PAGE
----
Tawana and the knife

SHARE   |   Monday, 08 August 2016   |   By Phillimon Mmeso
Tawana Moremi Tawana Moremi

Members of Parliament for Maun West and Tati East Tawana Moremi and Biggie Butale have clarified the issue of ‘knife in Parliament’ issue. In an interview with The Patriot on Sunday, Moremi said that he was misquoted in Parliament when he talked about the knife incident. “The incident I was talking about happened in March last year when I approached the Deputy Speaker Kagiso Molatlhegi about security at the revenue office and was accompanied by MP Butale and Sergeant in Arms,” clarified Moremi adding that the knife was not even Okapi but hunting knife.

He said that he was shocked when Minister of Agriculture Patrick Ralotsia used the incident to mock him in Parliament and realised that it was Molatlhegi who leaked the story to him. “That is why I was saying I am disappointed with Molatlhegi because I shared the information with him as Deputy Speaker but he betrayed my confidence in him,” said Moremi. Moremi said that the reason he carried the knife was for his protection and for eating meat. Butale confirmed that the incident happened last year and it was Moremi who voluntarily showed Molatlhegi as a way for showing that security at the Parliamentary revenue offices was lax as they can even enter carrying weapons.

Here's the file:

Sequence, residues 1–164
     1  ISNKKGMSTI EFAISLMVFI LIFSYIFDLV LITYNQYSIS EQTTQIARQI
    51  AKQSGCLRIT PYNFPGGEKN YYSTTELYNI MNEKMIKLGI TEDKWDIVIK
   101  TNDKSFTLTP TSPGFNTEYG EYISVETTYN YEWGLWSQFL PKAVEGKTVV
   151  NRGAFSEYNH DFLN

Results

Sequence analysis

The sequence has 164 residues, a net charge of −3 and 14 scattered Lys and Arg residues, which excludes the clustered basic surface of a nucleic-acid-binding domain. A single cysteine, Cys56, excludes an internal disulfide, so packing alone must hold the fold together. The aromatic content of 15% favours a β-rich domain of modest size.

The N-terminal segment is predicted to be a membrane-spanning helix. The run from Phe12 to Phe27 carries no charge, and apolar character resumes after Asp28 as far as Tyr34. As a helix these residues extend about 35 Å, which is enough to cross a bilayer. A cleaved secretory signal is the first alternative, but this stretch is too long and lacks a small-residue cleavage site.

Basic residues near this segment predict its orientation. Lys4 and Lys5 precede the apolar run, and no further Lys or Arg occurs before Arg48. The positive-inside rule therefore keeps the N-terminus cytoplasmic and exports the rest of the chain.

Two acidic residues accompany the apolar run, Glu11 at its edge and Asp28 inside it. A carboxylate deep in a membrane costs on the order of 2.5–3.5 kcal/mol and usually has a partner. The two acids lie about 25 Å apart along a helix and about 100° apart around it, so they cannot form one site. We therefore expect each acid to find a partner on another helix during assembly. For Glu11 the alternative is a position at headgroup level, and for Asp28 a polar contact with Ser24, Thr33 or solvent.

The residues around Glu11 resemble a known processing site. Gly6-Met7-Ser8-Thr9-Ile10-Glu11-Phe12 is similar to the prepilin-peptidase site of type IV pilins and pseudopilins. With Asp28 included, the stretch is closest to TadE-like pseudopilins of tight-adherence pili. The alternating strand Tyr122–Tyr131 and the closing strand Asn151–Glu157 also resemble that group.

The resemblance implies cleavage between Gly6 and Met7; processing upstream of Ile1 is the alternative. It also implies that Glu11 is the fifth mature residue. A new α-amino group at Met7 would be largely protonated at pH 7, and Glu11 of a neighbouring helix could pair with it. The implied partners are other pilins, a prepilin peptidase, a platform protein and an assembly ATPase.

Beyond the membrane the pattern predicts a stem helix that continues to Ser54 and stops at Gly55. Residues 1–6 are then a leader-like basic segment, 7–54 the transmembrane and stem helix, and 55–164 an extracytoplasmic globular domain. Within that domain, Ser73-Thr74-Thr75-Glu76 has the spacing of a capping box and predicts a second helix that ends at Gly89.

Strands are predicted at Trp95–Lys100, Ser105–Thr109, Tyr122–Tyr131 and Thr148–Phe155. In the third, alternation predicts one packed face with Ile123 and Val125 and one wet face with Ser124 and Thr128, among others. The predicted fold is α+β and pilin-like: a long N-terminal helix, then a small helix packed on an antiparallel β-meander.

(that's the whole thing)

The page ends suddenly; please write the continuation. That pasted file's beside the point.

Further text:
The Patriot ratings helped me
Recently Moremi has been one of the most effective MPs and has never missed Parliament, something which he is known for. In the current session, he is one of the MPs who were leading in critiquing the Trade Disputes Bill which is currently at the Committee Stage. Asked what could have led to his recent change of attitude towards Parliament business, Moremi said that the previous rating of The Patriot on Sunday has forced him to introspect.

“I have been rated as one of the poor performing MPs and even my constituents were concerned when I engaged them. I had to change my attitude,” he said. One of the things that made him lose interest in Parliament was the attitude of the Speaker Gladys Kokorwe and her deputy Kagiso Molatlhegi who he said had dictatorial tendencies.

“I couldn’t adapt to the way they were conducting debates in Parliament and that is why I was always chased out. I have now found a way of dealing with them,” he said. One of the ways of dealing with them, according to Maun West MP, is to remain calm and avoid any confrontation with them.